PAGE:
100% True. Most of the fresh IT graduates in Pakistan produce bad code which must be fixed by the seniors, costing the company time and money. Yet they think they are doing a favor by working in the company. They see that they are getting “just 18K” but don’t see the fact that their lousy code is being fixed by a senior who might be getting a six figure salary from the company and is spending 2-3 hours daily on fixing their bugs and on improving their skills.
A good team lead should be able to spot good code or the ability to produce good code in a week or two, then needs to have the liberty to give an immediate raise to retain a rare find. Failing to do so, the person will either leave or stop spending time and effort to continue writing good code.
There is no proper career counseling. HEC does not advise universities (nor they care themselves) what degree should me offered with how much students as per market consumption. Taking telecom as example, there are lot of graduates but opportunities are less. Uniz dont focus on skill building but mostly on theoretical knowledge.
Telecom is the best example, when GSM companies started in Pakistan, people from unrelated education gained the knowledge and the jobs. Years later universities started the degrees because it was lucrative but took another 4 years, then fresh grads were applying against industry veterans of 4-6 years of experience and did not stand a chance.
I think it was said by Muhammad Ali Jinnah, “There is always a vacancy at the top.”. But even if he did not say it, be the best in your field and you will get the price tag you want at the company you want.
Problem is that the career selection is mostly made on the basis of money even if the person does not like that field or subject at all, then they end up mediocre or worse mostly unable to land a job.
I have hired fresh graduates at 50k / month years ago when I saw in them things I rarely see in graduates, the mediocre will have a difficult start at 25k / month today and private companies would not think twice before getting rid of people not performing.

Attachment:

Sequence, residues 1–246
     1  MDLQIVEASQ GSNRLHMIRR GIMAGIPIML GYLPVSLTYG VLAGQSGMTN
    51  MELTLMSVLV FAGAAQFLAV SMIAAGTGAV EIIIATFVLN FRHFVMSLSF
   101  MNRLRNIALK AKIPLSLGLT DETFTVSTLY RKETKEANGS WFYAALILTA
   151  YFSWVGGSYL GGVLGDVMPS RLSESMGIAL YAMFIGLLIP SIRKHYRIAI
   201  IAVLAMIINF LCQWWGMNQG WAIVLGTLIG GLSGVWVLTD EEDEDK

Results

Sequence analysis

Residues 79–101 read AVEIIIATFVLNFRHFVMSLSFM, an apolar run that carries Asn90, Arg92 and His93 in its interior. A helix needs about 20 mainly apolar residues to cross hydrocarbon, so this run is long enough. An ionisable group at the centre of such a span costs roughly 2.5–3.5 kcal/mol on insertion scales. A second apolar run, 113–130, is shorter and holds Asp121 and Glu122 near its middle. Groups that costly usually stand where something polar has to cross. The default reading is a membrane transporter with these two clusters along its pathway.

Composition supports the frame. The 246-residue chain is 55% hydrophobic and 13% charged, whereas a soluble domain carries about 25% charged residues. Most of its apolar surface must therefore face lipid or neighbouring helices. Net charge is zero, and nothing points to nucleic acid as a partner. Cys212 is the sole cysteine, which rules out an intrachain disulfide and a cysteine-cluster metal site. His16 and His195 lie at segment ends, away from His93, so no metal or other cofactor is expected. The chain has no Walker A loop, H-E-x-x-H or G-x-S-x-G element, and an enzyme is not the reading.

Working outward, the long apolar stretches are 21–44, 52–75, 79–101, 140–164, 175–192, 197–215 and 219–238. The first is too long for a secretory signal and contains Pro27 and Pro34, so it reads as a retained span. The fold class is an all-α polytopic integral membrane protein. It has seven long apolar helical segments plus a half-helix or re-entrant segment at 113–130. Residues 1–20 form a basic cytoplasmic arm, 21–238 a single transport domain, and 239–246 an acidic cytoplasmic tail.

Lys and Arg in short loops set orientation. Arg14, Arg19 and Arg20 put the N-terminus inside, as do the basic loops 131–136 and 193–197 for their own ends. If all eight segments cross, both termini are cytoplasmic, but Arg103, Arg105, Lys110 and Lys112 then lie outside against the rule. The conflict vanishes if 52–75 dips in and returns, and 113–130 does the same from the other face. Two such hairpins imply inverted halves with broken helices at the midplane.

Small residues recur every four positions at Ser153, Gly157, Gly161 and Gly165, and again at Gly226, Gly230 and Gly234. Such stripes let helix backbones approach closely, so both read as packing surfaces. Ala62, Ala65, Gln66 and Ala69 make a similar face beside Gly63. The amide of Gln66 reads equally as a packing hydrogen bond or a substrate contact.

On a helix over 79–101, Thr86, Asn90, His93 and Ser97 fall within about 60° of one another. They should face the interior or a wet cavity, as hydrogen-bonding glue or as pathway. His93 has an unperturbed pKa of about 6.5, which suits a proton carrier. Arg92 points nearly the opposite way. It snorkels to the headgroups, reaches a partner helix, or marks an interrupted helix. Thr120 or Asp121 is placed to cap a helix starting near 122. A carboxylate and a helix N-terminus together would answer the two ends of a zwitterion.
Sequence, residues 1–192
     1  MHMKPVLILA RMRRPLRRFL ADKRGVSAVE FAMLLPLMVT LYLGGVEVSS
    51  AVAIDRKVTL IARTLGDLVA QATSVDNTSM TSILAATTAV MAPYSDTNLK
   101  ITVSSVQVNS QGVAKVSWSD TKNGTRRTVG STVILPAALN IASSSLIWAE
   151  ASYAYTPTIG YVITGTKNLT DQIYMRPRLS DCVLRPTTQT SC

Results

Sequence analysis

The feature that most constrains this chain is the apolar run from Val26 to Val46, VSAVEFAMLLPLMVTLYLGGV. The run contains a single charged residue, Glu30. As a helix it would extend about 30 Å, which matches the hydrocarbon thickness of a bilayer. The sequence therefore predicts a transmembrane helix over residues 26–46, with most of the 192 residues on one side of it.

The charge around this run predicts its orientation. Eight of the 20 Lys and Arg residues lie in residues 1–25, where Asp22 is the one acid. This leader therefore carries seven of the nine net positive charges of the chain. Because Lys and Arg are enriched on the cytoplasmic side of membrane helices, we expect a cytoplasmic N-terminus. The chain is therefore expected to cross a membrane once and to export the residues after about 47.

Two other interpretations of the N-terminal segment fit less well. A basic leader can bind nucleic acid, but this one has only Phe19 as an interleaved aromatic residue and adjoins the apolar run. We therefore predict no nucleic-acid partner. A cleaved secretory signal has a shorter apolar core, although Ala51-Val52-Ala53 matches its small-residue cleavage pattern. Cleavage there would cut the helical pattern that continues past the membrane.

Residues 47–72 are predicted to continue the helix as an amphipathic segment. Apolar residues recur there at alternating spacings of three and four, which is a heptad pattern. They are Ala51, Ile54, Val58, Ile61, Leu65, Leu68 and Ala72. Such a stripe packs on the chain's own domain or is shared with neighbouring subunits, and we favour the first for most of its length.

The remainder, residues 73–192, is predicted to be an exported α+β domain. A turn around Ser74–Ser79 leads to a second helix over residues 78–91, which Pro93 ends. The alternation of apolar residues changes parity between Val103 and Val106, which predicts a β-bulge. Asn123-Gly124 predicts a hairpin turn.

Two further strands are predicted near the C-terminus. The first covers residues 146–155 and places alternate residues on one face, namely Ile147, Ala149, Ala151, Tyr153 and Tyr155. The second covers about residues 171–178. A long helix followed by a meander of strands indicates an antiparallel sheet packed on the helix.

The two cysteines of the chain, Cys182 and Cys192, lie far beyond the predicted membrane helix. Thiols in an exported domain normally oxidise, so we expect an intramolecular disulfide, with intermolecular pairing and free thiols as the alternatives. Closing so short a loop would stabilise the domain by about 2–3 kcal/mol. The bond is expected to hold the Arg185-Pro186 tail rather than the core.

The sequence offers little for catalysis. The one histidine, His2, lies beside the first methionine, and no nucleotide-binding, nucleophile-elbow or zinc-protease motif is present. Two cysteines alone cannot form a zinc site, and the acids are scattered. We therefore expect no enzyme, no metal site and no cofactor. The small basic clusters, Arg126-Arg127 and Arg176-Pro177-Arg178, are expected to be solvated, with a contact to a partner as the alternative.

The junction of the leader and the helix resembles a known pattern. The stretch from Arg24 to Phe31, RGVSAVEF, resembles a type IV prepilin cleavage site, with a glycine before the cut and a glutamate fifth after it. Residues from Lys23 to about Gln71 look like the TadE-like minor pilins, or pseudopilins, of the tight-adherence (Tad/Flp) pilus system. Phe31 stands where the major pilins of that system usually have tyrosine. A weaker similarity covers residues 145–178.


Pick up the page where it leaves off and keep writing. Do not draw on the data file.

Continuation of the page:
PLEASE select the career on the basis of your passion and interests. If the university you end up at does not fulfill the knowledge (you need the thirst for more), get on to MIT Courseware, iTunes University, Coursera, etc. and gain the knowledge, when you are at the interview you will get the offer before the interview is even over.
In my opinion the degree on your CV / resume can only get you an interview call, but you need it because it does. Many organizations do not consider candidates without a degree, while most don’t even ask to see it. IRONY!
Is it possible for HEC to give universities to produce only those graduates who are in need and stop those degress which are already in excess e.g Telecom engr?…. There are thousands of them and nobody needs them. If someone who graduated 4 years ago still can’t find a job then why are the universities producing thousands more each year.
I think china is following this model where they stop a degree program if it is no longer required in the market.
I have highlight this issue in 2015 in my linkedin article.
1. There’s still a need for a skill-set approach in IT Education In Pakistan.
2. Bad Coding can affect Economic & Education.
Message to students: “You might get 93% in your BCS, CS or MCS, if your ignoring the skill & Knowledge of Information technology, doors will remain closed for you in the Development Arena, you might get a job on PR or personal contact, but if you are targeting your career as “Self-Oriented Career Growth” you must learn some “Skill-Set”, later on degree will help you to boost your career in organizations and companies.”